Transylvania also has begun using spec T-5 lighting, the most energy efficient lighting available for commercial use, in all new construction and remodeling work. Likewise, when broken shower heads are replaced in existing bathrooms, low-flow shower heads are installed. Some buildings already have motion sensor lighting and energy-saving water faucets.

As part of its energy conservation focus, the university also adopted an ENERGY STAR purchasing policy for such products as air conditioners, computers, office equipment and appliances.

Most of the current and future energy conservation projects at Transylvania were identified after the sustainability committee commissioned an energy audit. The audit now serves as a baseline from which the group works, Banks said.

“The next step is to develop a master energy plan using the information we’ve already gathered. We will build a road map of where we want to go next,” he said.

Waste management

Along with the recycling bins placed in each residence hall room, recycling containers have been placed in faculty and staff offices, and soon the containers will be placed in each classroom and each indoor and outdoor public area. Robert Brown, director of residence life and chair of the subcommittee on waste management, said the recycling efforts are a prime example of a cultural shift at Transy.

In developing a waste management campaign on campus, Brown’s committee established three ways to measure the amount Transy recycles. One was to track the number of recycling containers and the weight of material collected weekly by the Lexington-Fayette Urban County Government. During fall term 2008, 277 containers of recycled waste were collected, representing 15,235 pounds.

To put that in perspective, Brown points to the national Recyclemania competition, in which Transy participated for the first time last school year. Recyclemania is a component of the American College and University Presidents Climate Commitment. The university participated in a noncompetitive division but was able to use the results as a “measuring stick,” Brown said.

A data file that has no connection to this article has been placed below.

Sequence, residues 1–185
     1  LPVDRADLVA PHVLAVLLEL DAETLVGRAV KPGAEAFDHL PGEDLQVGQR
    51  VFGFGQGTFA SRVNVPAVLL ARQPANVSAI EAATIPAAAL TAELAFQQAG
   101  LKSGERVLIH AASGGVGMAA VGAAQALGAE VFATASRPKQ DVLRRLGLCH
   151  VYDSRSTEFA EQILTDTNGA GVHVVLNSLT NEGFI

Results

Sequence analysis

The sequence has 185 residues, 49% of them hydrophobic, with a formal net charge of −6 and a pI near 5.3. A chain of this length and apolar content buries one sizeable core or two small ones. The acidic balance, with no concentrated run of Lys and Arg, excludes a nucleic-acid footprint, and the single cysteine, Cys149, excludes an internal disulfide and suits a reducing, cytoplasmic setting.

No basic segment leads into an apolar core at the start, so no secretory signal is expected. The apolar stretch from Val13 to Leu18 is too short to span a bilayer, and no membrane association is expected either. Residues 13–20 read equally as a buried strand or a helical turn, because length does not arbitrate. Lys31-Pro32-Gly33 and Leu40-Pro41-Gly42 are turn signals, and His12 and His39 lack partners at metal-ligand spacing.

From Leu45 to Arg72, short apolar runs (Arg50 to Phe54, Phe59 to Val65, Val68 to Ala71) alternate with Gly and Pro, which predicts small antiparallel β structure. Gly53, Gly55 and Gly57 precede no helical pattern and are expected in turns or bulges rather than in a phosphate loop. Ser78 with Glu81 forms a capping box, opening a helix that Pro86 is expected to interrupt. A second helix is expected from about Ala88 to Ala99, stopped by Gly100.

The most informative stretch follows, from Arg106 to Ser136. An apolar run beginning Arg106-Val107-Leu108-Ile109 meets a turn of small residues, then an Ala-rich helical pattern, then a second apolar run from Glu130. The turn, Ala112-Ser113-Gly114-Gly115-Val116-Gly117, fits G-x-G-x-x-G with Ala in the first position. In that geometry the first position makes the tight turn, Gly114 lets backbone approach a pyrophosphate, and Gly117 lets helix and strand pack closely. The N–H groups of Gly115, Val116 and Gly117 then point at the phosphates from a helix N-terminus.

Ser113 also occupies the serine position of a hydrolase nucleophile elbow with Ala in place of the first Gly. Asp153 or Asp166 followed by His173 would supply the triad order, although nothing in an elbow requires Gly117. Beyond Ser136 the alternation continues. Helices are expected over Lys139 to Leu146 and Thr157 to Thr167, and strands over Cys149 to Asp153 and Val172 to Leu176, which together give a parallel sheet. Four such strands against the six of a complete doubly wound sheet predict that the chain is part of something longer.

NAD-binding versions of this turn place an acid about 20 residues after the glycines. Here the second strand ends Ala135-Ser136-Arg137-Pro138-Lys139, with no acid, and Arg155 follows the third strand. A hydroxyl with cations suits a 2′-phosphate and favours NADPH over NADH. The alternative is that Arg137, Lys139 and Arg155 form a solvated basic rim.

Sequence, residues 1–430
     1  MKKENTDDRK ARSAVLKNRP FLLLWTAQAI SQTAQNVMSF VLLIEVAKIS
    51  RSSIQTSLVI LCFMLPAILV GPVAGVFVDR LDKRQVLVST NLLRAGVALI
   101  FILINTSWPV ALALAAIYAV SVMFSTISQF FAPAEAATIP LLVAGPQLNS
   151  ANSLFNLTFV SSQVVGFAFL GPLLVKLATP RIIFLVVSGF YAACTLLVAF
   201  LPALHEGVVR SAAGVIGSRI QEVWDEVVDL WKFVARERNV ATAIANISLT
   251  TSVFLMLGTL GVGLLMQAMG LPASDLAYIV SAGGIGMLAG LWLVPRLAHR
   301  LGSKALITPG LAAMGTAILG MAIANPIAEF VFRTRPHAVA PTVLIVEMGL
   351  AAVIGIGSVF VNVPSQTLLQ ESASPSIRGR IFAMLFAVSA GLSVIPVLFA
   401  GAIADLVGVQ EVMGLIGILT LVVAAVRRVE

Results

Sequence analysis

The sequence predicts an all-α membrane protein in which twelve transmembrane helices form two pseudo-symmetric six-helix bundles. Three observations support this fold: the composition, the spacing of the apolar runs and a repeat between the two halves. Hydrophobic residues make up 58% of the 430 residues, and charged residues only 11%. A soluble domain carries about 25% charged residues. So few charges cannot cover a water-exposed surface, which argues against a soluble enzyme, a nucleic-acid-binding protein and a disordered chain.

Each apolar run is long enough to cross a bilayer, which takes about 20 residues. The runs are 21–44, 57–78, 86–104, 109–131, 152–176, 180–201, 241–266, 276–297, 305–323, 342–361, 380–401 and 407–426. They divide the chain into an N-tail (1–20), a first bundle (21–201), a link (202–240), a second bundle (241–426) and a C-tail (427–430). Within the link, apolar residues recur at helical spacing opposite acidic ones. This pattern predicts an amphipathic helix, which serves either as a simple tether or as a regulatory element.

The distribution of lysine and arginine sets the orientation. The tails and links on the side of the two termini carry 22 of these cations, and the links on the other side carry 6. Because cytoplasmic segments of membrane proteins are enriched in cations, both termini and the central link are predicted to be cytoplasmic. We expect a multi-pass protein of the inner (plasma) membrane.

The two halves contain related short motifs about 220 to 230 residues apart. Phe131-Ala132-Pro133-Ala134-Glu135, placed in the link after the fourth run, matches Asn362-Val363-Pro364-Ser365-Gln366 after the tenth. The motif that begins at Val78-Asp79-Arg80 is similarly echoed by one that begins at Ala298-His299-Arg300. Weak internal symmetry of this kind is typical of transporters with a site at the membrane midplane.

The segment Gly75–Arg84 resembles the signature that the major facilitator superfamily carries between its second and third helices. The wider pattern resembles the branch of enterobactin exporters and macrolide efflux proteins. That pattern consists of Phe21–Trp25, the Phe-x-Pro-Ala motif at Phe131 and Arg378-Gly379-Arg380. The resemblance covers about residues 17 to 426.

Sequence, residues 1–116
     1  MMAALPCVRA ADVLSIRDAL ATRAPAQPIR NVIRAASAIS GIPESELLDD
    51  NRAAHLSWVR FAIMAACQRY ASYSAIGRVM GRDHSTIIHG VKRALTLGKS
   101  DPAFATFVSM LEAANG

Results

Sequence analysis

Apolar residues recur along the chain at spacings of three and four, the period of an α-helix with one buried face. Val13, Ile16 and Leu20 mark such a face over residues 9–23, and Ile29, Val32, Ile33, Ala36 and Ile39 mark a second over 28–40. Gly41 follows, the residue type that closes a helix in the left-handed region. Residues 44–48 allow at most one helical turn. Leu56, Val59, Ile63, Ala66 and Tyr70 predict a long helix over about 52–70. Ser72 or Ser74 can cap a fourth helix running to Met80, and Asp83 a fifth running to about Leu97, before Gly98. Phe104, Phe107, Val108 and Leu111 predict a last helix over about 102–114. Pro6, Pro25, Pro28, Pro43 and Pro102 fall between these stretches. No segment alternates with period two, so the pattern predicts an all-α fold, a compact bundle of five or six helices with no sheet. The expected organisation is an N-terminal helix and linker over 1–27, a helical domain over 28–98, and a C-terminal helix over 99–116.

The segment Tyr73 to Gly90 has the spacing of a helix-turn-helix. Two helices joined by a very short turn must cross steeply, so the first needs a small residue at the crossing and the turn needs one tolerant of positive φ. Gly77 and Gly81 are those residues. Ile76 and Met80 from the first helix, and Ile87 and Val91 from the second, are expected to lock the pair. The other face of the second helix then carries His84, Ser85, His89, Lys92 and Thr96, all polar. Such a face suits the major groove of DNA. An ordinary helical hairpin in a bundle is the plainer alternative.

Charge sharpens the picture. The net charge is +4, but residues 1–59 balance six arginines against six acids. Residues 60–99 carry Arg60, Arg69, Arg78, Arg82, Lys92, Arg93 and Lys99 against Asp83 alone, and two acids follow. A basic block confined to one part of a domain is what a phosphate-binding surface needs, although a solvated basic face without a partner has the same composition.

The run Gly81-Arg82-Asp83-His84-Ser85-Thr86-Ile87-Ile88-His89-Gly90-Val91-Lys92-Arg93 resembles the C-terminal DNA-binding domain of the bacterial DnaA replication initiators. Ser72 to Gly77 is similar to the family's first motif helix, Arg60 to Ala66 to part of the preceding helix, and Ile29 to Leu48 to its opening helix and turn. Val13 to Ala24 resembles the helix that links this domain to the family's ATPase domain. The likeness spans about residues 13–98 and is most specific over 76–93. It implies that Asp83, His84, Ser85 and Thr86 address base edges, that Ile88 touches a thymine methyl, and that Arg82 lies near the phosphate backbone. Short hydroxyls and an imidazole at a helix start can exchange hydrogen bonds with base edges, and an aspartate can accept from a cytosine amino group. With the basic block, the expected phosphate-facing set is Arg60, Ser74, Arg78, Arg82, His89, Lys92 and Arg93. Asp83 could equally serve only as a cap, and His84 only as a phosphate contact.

“Of the 36 colleges in our peer group, Transylvania reported the ninth highest pounds of cumulative recyclables per person. We recycled 12.82 pounds per person,” Brown said.

Another measure of Transy’s recycling efforts came from the Information Technology division and pertains to electronic waste, or e-waste. Prior to implementing the Crimson Goes Green campaign, Transy’s e-waste was deposited into landfills. Over the past year, however, 51 pieces were recycled with a depreciated value of $47,773. Every portion of equipment, from the plastic casing of printers to computer hard drives, is recycled.

A third measure—the amount of paper used in computer labs and across campus—was also established.  According to Shearer, in a message to all faculty, staff and students, Transylvania consumed three million sheets of paper last year.

“We all need to think before we print, and don’t print if it isn’t absolutely necessary,” he wrote.

To help reduce the paper waste, Transy, in cooperation with the Student Government Association, bought three adapters that enable front/back printing on printers in the school’s computer labs. Through such actions, the committee expects to see improvement in this area, Brown said.

Green dining

It doesn’t take long to see that sustainability is a top concern in the dining facilities across Transy’s campus—from the use of those eco-friendly to-go containers to the inclusion of locally produced foods.

“We are constantly looking for areas to improve,” said Kevin Rogers, general manager of Sodexo Campus Services at Transy.

Sodexo, a national dining service provider, has been increasing its sustainability efforts for about 10 years. At partnering schools like Transy, where sustainability is likewise important, it’s much easier, Rogers said.

Already, Transy’s 1780 Café offers only organic and sustainably produced coffee. Jazzman’s Café offers the option of organic, fair trade coffee. Bulk and bottled water are purchased from a local spring water company, and flour and cornmeal used in baked goods are purchased from a local mill.

In the school’s four dining facilities, most all dishware is reusable, and Styrofoam products have been eliminated. Sodexo has replaced dishwashing products and systems with the new Ecolab Apex dishwashing system, which reduces water usage, power consumption and packaging waste. The Apex management approach uses wireless technology to communicate with the system’s controller to download, process and analyze data to establish “rack-to-guest ratio.” By monitoring and improving this ratio, this system saves 15 gallons of water per eight-hour service period.